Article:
- After deliberating for almost six hours, a jury found Cardell Hayes criminally responsible for the death of former New Orleans Saints defensive end Will Smith. What may have led to the verdict, and what's the next legal step?
After deliberating for almost six hours on a Sunday night, a jury of eight women and four men found semipro football player Cardell Hayes criminally responsible for both the death of former New Orleans Saints defensive end Will Smith and the shooting of Smith’s wife, Racquel Smith. The jury, however, declined to find Hayes guilty of second degree murder, which prosecutors sought and would have carried a mandatory life in prison sentence without a chance for parole. Instead, the jury found Hayes guilty of manslaughter, a still serious charge that under Louisiana law carries a sentence of 20 to 40 years in prison. The jury also convicted Hayes for the attempted manslaughter of Racquel Smith, whom Hayes shot once in each leg. The jury found Hayes not guilty of a third charge, aggravated criminal damage to property (Smith’s Mercedes SUV).
Judge Camille Buras of the Orleans Parish Criminal Court will determine and impose Hayes’s sentence at a separate hearing on Feb. 17, 2017. The sentencing hearing will likely include victim impact statements by Racquel Smith and possibly other members of Smith’s family. In calculating a punishment, Judge Buras will also consider Hayes’s own words and sincerity of contrition, as well as pre-sentencing reports.
An intensive one-week trial
Hayes’s conviction follows a trial that began last Monday and ran through the weekend. On April 9, 2016, Hayes, 29, shot Smith, 34, eight times with a .45 caliber Ruger handgun after the two men had two “road rage” incidents which culminated in Smith, along with at least one passenger, Richard Hernandez, confronting Hayes and his passenger, Kevin O’Neal. At the time, Smith was very drunk—his blood alcohol content was .235, almost three times the legal limit. Hayes described Smith as behaving in a highly aggressive manner. Smith, Hayes would say on the stand, punched Hayes, then threatened to shoot Hayes and then later fired the first shot. Unfortunately for Hayes, no other witness and no evidence corroborated much of Hayes’s retelling, most notably that Smith fired first. In fact, Smith’s gun, a 9 mm caliber handgun, was found wedged in the car and not on Smith’s body.
The trial was heard over the weekend with the blessing of all involved, including the jurors. The jurors were no doubt more willing to spend the weekend in court since they have been sequestered. Indeed, over the past week, jurors have been spending all of their time in court or in a hotel, with constant monitoring by sheriffs deputies and denial of access to television, media and social media. By rendering a verdict Sunday night instead of later in the week, the jurors can now return home to their families, resume their jobs and reengage in normal day-to-day routines.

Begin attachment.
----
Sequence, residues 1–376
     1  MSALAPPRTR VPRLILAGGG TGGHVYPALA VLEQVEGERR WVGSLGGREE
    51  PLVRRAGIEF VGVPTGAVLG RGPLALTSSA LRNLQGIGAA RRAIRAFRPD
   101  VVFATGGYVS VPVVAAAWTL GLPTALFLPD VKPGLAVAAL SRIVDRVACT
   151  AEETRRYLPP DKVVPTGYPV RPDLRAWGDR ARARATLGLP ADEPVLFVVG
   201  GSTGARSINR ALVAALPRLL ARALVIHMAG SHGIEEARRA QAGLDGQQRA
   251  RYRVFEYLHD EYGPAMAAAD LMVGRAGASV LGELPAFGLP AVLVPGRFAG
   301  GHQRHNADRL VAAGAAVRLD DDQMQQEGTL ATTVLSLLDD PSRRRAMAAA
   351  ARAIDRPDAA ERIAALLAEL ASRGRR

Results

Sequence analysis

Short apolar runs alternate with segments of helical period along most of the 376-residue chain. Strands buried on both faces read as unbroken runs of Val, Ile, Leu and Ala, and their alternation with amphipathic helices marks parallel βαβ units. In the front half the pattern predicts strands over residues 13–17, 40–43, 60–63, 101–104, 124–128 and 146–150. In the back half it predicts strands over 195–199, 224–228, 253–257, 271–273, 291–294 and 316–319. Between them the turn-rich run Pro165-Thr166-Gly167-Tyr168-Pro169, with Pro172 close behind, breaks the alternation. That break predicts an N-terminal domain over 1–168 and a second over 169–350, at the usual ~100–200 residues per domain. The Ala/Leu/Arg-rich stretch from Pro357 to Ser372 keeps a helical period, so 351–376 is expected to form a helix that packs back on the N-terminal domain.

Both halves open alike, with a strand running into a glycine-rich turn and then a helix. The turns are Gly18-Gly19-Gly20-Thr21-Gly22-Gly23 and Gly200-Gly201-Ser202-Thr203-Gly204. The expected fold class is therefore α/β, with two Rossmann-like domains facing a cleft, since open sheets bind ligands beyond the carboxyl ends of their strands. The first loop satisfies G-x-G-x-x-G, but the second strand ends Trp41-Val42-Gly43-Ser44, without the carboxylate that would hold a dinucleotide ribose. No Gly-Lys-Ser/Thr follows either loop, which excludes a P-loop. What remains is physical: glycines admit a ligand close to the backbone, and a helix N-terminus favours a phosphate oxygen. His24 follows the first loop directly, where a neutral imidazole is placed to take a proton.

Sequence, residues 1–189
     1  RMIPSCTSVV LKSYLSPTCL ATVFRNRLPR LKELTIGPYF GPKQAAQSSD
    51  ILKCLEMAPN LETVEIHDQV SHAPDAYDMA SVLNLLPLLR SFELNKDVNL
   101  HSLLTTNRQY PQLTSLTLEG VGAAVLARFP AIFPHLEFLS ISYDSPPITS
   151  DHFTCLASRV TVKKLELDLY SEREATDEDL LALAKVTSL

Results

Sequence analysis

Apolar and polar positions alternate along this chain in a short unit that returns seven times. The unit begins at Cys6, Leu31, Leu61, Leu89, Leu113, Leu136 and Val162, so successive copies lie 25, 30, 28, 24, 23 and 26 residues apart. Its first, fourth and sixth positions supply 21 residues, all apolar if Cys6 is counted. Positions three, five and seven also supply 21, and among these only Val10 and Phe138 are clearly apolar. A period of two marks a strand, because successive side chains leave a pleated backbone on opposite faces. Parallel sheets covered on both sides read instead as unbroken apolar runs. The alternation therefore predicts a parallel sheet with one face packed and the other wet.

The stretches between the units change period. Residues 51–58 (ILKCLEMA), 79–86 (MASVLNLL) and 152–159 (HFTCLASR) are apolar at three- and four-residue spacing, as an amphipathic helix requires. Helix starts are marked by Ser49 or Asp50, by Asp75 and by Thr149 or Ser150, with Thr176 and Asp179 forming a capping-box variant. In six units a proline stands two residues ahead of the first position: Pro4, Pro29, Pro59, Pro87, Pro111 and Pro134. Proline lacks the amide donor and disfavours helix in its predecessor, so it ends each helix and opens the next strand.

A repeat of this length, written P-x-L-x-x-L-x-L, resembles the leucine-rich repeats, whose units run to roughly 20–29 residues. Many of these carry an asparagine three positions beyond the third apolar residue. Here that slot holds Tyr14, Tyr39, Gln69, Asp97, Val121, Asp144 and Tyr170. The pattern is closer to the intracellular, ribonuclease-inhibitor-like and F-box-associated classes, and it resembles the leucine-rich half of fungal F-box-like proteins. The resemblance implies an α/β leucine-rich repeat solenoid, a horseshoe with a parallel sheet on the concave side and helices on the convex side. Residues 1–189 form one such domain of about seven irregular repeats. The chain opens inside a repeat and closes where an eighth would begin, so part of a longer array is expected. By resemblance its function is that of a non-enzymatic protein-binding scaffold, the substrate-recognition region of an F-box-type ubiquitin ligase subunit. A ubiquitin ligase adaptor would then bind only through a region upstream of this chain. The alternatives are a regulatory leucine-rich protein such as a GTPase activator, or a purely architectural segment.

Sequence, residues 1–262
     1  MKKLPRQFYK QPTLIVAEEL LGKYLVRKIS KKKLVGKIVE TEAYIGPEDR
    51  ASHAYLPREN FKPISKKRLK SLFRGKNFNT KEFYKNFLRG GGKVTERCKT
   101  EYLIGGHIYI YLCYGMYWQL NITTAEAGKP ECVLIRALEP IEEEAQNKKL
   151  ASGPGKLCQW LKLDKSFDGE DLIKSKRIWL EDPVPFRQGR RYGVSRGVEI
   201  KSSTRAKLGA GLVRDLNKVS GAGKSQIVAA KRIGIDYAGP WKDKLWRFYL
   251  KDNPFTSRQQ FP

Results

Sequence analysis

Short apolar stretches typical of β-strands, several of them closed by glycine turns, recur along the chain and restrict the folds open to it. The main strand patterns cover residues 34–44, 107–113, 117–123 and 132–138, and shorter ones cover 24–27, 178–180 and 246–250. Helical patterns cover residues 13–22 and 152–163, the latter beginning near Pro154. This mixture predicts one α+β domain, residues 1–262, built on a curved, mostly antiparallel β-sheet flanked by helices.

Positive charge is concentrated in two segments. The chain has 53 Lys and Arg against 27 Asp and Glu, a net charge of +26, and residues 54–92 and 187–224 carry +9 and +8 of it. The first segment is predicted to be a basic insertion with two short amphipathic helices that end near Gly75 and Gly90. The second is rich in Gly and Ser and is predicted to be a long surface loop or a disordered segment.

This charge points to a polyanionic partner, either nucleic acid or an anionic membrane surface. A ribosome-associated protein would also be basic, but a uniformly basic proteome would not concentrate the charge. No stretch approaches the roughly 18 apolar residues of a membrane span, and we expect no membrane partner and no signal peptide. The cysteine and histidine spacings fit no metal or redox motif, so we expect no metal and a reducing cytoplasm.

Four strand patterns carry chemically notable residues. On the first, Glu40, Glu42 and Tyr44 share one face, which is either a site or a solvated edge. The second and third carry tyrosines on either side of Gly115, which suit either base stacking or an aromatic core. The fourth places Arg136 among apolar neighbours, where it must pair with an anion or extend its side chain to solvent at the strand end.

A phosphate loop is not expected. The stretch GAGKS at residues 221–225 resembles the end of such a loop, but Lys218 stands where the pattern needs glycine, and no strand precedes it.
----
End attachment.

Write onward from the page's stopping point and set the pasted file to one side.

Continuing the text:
Why a manslaughter conviction and not second degree murder conviction
For jurors to have convicted Hayes of second degree murder, they would have had to have been convinced, beyond a reasonable doubt, that Hayes either had the intent to kill Smith or the intent to cause Smith great bodily harm and that Smith died as a consequence of that bodily harm. The jury was not sufficiently persuaded that Hayes intended to kill or gravely harm Smith. Nonetheless, the jury concluded that Hayes killed Smith in a criminal way. Under Louisiana law, a manslaughter conviction is appropriate when a killing is “committed in sudden passion or heat of blood immediately caused by provocation sufficient to deprive an average person of his self-control and cool reflection.” The jury apparently believed that while Hayes did not aspire to kill Smith, Hayes lost his temper and then wrongly killed Smith.
The jury’s verdict serves as a rejection to Hayes’s defense, which centered on self-defense and lawfully “standing his ground” under Louisiana law. Hayes, who testified in his own defense, maintained that because he thought a drunken and hostile Smith had threatened him with deadly force, Hayes could lawfully use deadly force to prevent being killed or seriously injured. The jury didn’t buy it. The fact that Hayes shot Smith eight times—seven of them entering Smith’s back—undoubtedly undermined Hayes’s contention that he behaved in a defensive manner. The high number of shots suggested that Hayes went well beyond self-defense and into a more offensive posture.
It should be noted that the manslaughter conviction of Hayes could represent a compromise jury verdict. In any murder trial, certain members of the jury might push for a conviction on the most serious charge whereas other jurors do not want to convict the defendant at all. In between, the jurors sometimes find manslaughter to be an acceptable compromise. Such a compromise is slightly easier to obtain in Louisiana, which, along with Oregon, is one of only two states that does not require a unanimous jury for a criminal conviction. Only 10 jurors must agree on a verdict in Louisiana. Published reports indicate that on each of Hayes’s two convictions, one or two jurors objected, meaning a vote of 11–1 or 10–2. In 48 states, those dissenting voices would have prevented a verdict and, without eventually reaching unanimous verdict, risked the judge declaring a mistrial. Not so in Louisiana, where 10 out of 12 jurors is enough to convict.